• American literature -- Southern States -- History and criticism.
    Abstract:
      In "Sniffing the 'Calypso Magnolia': Unearthing the Caribbean Presence in the South," Kimberly Nichele Brown discusses the multifarious ways in which John Lowe takes the academy to task for its rigid conceptual framing of southern literature. She further examines how Lowe's proposition for widening the southern literature canon to include Caribbean influences marks a potentially paradigmatic shift in our understanding of not only southern and Caribbean studies, but of African American and Latino studies as well. Although Brown discusses the multiple benefits of blurring the boundaries of literary and cultural specialties within the academy, she voices concern about what consequences Lowe's proposal might have on the future of African American, Caribbean, and Latino studies--disciplines founded by scholars who fought for autonomy in resistance to an inflexible canon. Finally, Brown challenges Lowe to more fully define what constitutes southern literature and what characteristics (place of birth, style of writing) make someone a southern writer.
    Yaeger, Patricia.
  • Ghosts and Shattered Bodies, or What Does it Mean To Still Be Haunted by Southern Literature?
    [Access article in HTML] [Access article in PDF]
    Subject Headings:
    • American literature -- Southern States -- History and criticism.
    • Race in literature.
    Abstract:
      "Ghosts and Shattered Bodies" argues that we must recognize a repetitive structure in southern fiction that depends on the trace or remnant to conjure the unthought of history. The blunt facts of racial trauma can be over-exposed, made facile, in the glam tropology of the gothic. This older rhetorical structure gives way to a shared hauntology in which simple fragments, residues, or traces of trauma fashion a regime of haunting. When white southern fiction makes these ghosts, it is clouded and driven by the return of the oppressed. Attending to starker tragedies, black fiction delineates the return of the dispossessed. While white women writers like Douglas and Porter focus on white children who miniaturize or repress memories of angry black women, African American women writers like Wright, Dash, and Morrison tell stories about what has disappeared but needs to be called forth again--about remnants of people who have been divested of property and can only return as a remnant or fragment that needs to be made into an integer.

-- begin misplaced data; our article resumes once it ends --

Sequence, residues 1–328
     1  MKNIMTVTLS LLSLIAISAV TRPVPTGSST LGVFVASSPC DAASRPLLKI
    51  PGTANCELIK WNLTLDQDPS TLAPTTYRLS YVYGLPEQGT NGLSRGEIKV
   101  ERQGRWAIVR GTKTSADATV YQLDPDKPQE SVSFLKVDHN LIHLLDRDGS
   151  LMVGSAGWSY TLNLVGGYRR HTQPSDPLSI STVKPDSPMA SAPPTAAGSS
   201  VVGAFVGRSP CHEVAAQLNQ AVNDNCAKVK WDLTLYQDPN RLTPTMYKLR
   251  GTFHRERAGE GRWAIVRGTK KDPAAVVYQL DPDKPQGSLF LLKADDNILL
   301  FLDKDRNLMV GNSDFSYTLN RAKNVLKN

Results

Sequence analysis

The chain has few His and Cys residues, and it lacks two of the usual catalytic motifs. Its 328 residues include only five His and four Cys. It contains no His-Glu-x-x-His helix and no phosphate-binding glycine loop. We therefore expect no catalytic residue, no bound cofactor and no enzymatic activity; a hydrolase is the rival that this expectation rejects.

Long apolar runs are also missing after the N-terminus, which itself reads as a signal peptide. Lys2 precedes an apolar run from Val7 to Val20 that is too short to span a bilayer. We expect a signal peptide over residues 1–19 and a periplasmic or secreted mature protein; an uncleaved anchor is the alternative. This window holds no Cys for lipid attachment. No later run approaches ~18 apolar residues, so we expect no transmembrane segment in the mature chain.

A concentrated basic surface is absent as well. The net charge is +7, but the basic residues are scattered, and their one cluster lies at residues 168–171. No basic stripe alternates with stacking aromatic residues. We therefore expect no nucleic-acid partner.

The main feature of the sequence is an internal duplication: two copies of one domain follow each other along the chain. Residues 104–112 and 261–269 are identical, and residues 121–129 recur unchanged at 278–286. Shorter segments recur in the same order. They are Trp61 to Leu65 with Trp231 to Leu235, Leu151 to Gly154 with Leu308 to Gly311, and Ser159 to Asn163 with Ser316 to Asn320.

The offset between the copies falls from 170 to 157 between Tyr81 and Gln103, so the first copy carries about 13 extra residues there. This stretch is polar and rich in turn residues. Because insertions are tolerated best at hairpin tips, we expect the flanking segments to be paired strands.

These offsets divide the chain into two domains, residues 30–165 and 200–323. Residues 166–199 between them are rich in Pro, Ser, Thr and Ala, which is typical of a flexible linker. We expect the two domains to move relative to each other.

Matthews, Pamela R.
  • Patricia Yaeger's Southern Hauntology: Response to "Ghosts and Shattered Bodies, or What Does it Mean to Still Be Haunted by Southern Literature?"
    [Access article in HTML] [Access article in PDF]
    Subject Headings:
    • Yaeger, Patricia. Ghosts and shattered bodies, or what does it mean to still be haunted by southern literature?
    • American literature -- Southern States -- History and criticism.
    • Race in literature.
    Abstract:
      Patricia Yaeger's refreshing impatience with standard approaches to southern studies continues to inform her exploration of black and white southern women's writing in "Ghosts and Shattered Bodies." In the current essay, Yaeger argues that black and white southern women's writing registers very differently the ghosts of lost promise and possibility. In readings that range from short stories to novels to a Baptist pamphlet and other cultural texts, Yaeger explores the ghostly slippages that expose what she calls the "conditions of racial haunting" that still organize our thinking about race in southern writing as in these United States.

      While it is obvious that "Ghosts and Shattered Bodies" takes as a given its investigation of southern women's writing, there remain opportunities for thinking more about the implications of gender in the various texts Yaeger examines. Several and various textual moments cited in this essay are haunted by the twin conditions of gender and race, and occasionally by sexuality as well. Yaeger's fineness as a critic of literature and culture makes me want to see more often what she makes of these intersections.

      One of Yaeger's great strengths in this essay as elsewhere, her powerful writing style, shows the same acute attention to language that she notices in other writers. Her work seems driven by what annoys her--what haunts her, if I may--and an observant, unflinching prose is part of her head-on analysis. I'd like to read more such academic writing. Yaeger's turns of phrase, questions, and lists all speak of engagement with the texts, the reader, and her own evolving thoughts in a methodology that's generous and dialogic as well as consistently insightful.

Book Reviews

    Weinstein, Philip M.
  • Games of Property: Law, Race, Gender, and Faulkner's "Go Down, Moses" (review)
    [Access article in HTML] [Access article in PDF]
    Subject Headings: